Title: Chartering homophobia Credit: Craig Young Comment Wednesday 18th September 2013 - 9:51pm1379497860 Article: 13950 Rights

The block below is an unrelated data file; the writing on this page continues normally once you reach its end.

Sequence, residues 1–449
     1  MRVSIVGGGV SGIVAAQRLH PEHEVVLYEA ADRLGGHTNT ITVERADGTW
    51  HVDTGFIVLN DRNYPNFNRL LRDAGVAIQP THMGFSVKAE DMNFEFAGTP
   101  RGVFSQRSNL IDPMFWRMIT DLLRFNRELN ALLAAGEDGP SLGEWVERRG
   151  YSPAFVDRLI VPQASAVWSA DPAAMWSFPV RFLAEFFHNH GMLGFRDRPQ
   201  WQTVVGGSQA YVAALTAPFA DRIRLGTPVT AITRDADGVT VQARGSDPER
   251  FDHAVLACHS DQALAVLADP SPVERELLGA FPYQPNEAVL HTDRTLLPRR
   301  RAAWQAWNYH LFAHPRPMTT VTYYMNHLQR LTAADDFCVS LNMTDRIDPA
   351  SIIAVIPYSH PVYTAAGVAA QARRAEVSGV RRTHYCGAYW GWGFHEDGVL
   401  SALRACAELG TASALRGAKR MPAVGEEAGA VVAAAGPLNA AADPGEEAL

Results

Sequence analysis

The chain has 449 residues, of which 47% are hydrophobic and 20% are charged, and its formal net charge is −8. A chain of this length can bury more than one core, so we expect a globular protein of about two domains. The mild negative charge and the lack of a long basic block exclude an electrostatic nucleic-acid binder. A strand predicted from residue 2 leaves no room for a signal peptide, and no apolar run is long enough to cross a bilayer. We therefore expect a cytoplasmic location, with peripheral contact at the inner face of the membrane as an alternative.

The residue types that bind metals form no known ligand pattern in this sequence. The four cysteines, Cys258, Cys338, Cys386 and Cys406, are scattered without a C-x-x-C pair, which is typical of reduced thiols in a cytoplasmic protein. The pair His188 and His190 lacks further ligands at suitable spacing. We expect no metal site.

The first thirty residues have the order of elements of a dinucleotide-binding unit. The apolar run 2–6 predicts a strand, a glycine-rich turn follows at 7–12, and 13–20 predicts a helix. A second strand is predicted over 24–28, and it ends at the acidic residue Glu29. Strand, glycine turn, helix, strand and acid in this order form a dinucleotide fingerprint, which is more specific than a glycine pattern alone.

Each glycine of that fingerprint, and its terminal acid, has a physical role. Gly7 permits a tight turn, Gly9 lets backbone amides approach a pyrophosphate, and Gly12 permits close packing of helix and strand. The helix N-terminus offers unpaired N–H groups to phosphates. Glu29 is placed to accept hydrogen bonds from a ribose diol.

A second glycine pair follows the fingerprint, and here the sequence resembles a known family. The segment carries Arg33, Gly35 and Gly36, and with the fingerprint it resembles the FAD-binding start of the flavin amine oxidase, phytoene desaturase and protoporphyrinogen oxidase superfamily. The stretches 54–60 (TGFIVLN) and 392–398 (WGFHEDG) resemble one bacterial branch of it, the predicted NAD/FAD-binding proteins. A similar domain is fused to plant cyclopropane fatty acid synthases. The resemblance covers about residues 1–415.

Charter schools may become a possible liability for the Key administration, unless certain steps are taken. Based on Britain and the United States, charter schools are schools that receive government money for operational purposes but have considerable autonomy when it comes to school management, curriculum, hiring teachers and school conduct policies. This is where problems lie for New Zealand's LGBT communities. Our potential objections might diminish if such school management were entrusted to businesses or other interests which had robust human resource management/equal employment opportunity policies that include sexual orientation and gender identity. Clearly, though, there are other considerations at work here. The Post-Primary Teachers Association and New Zealand Educational Institute are concerned about the potential employment of unregistered teachers in charter schools as well. Based on the United States context, they have also pointed to instances of charter school failure, bankruptcy and closure, which have left vulnerable students without access to convenient adjacent school access. It will be difficult to assess this, given that charter schools are exempt from the Official Information Act. The PPTA have stated that they intend to boycott the five announced charter schools and will no doubt be intensively scrutinising them.  Perhaps predictably, our concerns have centred on the involvement of several fundamentalist churches in tendering for charter school contracts in this context. It is welcome news that Destiny Church has been denied such a contract, given its own past reprehensible track record of homophobia and transphobia, but according to an item in the Post-Primary Teachers Association News (May 2013), there are several other fundamentalist Christian organisations that have tendered for charter school provision. These are Ekalesia Faapoto Kerisiano Samoa Church, the Manukau Christian Charitable Trust, Rise Up Trust, New Zealand Christian Proprietors Trust, Pacific Christian School, Living Way Centre, Little Ark Early Childhood Education and Immanuel Christian Schools - as many as one-third of the potential applicants, in other words. One hopes that there will be appropriate safeguards for LGBT teachers and students in this context.  When it came down to it, though, only three fundamentalist applicants were successful. These were Mangere's "Rise Up Trust" in Mangere, South Auckland, which assuringly states that it will stick to the New Zealand curriculum and only hire registered teachers. Of concern is that one of the board members of the Rise Up Trust is Moko Ngaro, wife to conservative Christian National List MP Alfred Ngaro. The second successful applicant will run a South Auckland Middle School and states that it will be "inclusive," use registered teachers only ... and teach "applied Christian values." Of particular concern is the third successful conservative Christian applicant, the C-ME Mentoring Trust, whose CEO, John Kotoisuva, was a former candidate for the defunct antigay Destiny Party Te Atatu seat, running against then-Labour MP Chris Carter before the latter left Parliament. It will provide trades training. Mr Kotoisuva has stated that he has since left Destiny Church, which ran the Destiny Party. However, it should be noted that these three mean that sixty percent of the first charter school initiatives are run by fundamentalist churches or individuals, although none have stated that they will teach creationist pseudo-science. Certainly, this concerns the Principals Federation chair Philip Harding, who warns that  charter schools will offer "a whole new opportunity for discriminatory practises to flourish" and expressed concern that interest from religious groups in running charter schools had been "significant". However, apart from Mr Kotoisuva's past Destiny Church and Destiny Party affiliations, I could find nothing tangibly antigay online about the current three conservative Christian charter school recipients. One hopes that these new charter schools will be compliant and recognise that (one hopes) they have obligations under the Human Rights Act 1993 and its provisions against sexual orientation discrimination on the basis of goods, services and service provision. These schools had better not have discriminatory charter clauses that ban "promotion of homosexuality", as Pinknews and the British Humanist Association have revealed to be the case in at least three, and possibly as many as forty-five chartered 'faith academies' in England and Wales, including Castle View Enterprise Academy in Sunderland, Colston Girls School in Bristol and Swindon Academy. Concern has also been raised about several "Grace Academies" run by Lord Robert Edmiston, previously a strong fundamentalist opponent of marriage equality in England and Wales, located in Coventry, Solihul and Darlaston.  In New Zealand, backers of charter schools include the Maxim Institute and Colin Craig's Conservative Party fundamentalist party, both of which have antigay track records. In the United Kingdom, the UK Department of Education and Wales' devolved government are conducting investigations.  It remains to be seen whether this policy will survive, given that Labour and the Greens have stated that they intend to repeal it if they win office after the next New Zealand General Election in 2014. Recommended: PPTA News: May 2013: Scott Roberts: "Association of Teachers and Lecturers says free schools will make it harder to fight homophobia" Pinknews: 05.07.2013: Aaron Day: "Free schools reintroduce Section 28 style ban on promotion of gay issues" Pinknews: 17.08.2013: Rise Up Trust, South Auckland Middle School and C-ME Mentoring Trust profiles: Kelvyn Smith "Salvation close at hand":  
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